Georgia Fishing

Vacationers can plan for an exceptional day of Georgia fishing in the numerous rivers located throughout the state. Whether your plans include fly fishing or trout fishing in Georgia, the rivers and streams winding their way throughout the state offer a variety of opportunities for a good catch.

For those interested in learning about Georgia fly fishing, professional guide services are available to teach beginners the basics or help experienced anglers hone their skills. Guides will teach you about the best lures, bait, poles, and casting techniques to use to ensure a productive day of fishing.

There are many options for where to go; for instance, in the Chattahoochee National Forest, close to 4,000 miles of clear, cool creeks and pools are available for Georgia fly fishing. In addition, the Flint River is on the western coast of Georgia, and here vacationing fly fishing anglers will find the river and its rocky shoals home to the shoal bass and red-breasted sunfish. The Flint River is an hour's drive from the Atlanta airport and is easily accessible from many Atlanta hotels as well.

Areas for rainbow, brook, and brown trout fishing in Georgia include Jacks River and Conasauga River, both located in the Cohutta Wilderness Area. The Chattooga River, designated as a wild and scenic river, is known for its churning whitewaters and rafting enthusiasts and as a prime Georgia fly fishing location.

Georgia fishing opportunities also abound in the Chattahoochee River, both in the lower section of the river in Atlanta and the upper portion in Helen. The cold mountain waters are ideal for wild rainbow and brown trout. Dick's Creek, near Cleveland, is also one of the most popular streams in Georgia for anglers because it is well stocked during trout fishing season. Because many areas of the creek are not easily accessible, the creek produces large wild trout.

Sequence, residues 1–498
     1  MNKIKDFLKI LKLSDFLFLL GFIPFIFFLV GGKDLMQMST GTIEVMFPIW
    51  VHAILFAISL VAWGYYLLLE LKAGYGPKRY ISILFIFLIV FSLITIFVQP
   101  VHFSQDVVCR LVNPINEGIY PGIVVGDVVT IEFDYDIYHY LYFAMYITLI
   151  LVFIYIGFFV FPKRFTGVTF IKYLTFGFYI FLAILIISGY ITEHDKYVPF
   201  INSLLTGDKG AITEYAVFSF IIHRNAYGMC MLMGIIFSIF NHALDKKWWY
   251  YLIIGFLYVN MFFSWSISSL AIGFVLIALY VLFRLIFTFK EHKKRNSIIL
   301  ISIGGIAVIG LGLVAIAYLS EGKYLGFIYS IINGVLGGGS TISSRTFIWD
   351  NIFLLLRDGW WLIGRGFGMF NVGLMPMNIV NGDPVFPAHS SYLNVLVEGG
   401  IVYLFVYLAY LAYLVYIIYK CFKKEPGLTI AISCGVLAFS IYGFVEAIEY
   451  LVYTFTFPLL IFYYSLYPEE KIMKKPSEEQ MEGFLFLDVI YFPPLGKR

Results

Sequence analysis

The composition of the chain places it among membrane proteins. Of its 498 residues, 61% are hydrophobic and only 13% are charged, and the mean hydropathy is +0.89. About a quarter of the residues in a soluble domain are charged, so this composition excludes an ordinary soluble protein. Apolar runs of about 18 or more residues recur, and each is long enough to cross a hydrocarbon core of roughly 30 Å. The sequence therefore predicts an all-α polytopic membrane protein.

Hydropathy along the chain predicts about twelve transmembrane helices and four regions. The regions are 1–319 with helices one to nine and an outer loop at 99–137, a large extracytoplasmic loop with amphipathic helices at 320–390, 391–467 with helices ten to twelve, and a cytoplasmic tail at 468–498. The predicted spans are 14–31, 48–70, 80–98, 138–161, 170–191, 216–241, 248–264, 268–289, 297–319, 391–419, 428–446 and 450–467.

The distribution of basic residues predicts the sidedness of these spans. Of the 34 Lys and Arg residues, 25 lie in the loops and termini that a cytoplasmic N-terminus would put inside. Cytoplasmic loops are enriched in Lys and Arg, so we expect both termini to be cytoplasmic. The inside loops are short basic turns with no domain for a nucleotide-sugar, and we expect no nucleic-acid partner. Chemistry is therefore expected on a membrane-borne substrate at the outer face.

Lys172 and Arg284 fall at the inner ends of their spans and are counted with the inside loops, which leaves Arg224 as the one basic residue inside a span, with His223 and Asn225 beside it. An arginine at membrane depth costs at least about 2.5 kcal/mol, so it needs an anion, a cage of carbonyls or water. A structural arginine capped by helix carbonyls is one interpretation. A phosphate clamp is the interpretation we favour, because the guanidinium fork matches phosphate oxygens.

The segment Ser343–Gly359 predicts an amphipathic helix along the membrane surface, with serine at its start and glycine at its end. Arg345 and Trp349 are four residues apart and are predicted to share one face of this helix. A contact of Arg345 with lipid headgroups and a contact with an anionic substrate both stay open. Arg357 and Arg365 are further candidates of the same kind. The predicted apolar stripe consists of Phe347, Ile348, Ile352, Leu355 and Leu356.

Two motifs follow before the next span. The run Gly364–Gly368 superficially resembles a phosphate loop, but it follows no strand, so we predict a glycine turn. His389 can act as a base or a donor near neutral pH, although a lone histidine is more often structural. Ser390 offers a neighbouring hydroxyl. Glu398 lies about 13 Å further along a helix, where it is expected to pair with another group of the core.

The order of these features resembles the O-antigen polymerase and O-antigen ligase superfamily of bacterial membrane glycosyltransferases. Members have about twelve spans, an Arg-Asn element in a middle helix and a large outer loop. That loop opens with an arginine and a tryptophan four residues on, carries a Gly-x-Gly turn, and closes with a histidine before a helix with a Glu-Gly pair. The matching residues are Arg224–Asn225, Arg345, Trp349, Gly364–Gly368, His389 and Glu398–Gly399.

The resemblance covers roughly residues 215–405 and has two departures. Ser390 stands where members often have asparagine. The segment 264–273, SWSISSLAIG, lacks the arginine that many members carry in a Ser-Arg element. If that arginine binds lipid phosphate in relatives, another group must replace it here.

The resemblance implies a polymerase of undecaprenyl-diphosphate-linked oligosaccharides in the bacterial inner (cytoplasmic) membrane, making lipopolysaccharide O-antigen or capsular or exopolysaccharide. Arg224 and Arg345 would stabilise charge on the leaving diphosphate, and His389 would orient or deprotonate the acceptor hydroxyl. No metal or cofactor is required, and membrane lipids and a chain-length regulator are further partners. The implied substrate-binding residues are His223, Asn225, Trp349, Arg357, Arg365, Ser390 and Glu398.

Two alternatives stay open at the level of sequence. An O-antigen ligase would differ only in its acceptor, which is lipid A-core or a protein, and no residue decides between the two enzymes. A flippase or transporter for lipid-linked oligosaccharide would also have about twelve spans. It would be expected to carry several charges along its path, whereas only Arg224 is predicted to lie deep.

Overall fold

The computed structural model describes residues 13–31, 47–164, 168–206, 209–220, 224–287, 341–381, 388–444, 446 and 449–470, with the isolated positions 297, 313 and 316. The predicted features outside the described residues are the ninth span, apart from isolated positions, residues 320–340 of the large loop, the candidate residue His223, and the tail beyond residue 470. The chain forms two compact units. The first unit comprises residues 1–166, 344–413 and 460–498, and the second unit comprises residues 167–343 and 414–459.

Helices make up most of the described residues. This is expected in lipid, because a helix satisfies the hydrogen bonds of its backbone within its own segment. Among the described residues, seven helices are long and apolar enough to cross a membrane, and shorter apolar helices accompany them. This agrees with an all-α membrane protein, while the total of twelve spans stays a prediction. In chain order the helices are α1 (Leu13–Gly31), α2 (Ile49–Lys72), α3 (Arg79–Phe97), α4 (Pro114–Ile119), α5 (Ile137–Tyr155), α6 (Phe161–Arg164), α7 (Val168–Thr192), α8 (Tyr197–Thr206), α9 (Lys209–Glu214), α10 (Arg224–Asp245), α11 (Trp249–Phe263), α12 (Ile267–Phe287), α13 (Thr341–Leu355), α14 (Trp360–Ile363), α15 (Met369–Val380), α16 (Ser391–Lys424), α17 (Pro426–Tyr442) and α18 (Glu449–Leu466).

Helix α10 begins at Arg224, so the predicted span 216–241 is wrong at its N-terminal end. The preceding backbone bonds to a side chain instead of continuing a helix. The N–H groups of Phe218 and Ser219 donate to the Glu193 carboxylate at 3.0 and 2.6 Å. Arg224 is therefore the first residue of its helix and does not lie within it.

The Upper Toccoa River headwaters begin in Union County in north Georgia and make their way through 30 miles of private land, rapids, and the Chattahoochee National Forest before reaching Lake Blue Ridge. The Toccoa River is stocked heavily with rainbow trout, brown trout along with small-mouthed bass. On the east coast near Augusta, Clarks Hill Lake, comprising 71,535 acres, is one of the largest inland bodies of water in the South, and it is noted as one of the best bass fishing areas in Georgia. Along with largemouth bass, striped bass, crappie, sunfish, and catfish reside in the lake.

A Georgia fishing license and a trout fishing license are required for all out-of-state residents and are available for purchase through the Georgia Department of Natural Resources, licensing agents, and online. If you plan to visit a Georgia State Park for fishing, a trout license is not required as long as you fish in designated impounded waters within the park.

Equally important to having the appropriate Georgia fishing license is knowing the local regulations, including trout stream and fishing rules, minimum length limits, hours when fishing is permitted, rules regarding artificial lures, and the number of fish you are allowed to catch per stream. Trout fishing in Georgia officially begins the last Saturday in March and runs through October 31. The streams are designated as to whether they are available for fishing year-round or only during trout season, but whenever you go, the opportunities for Georgia fishing are sure to be excellent.

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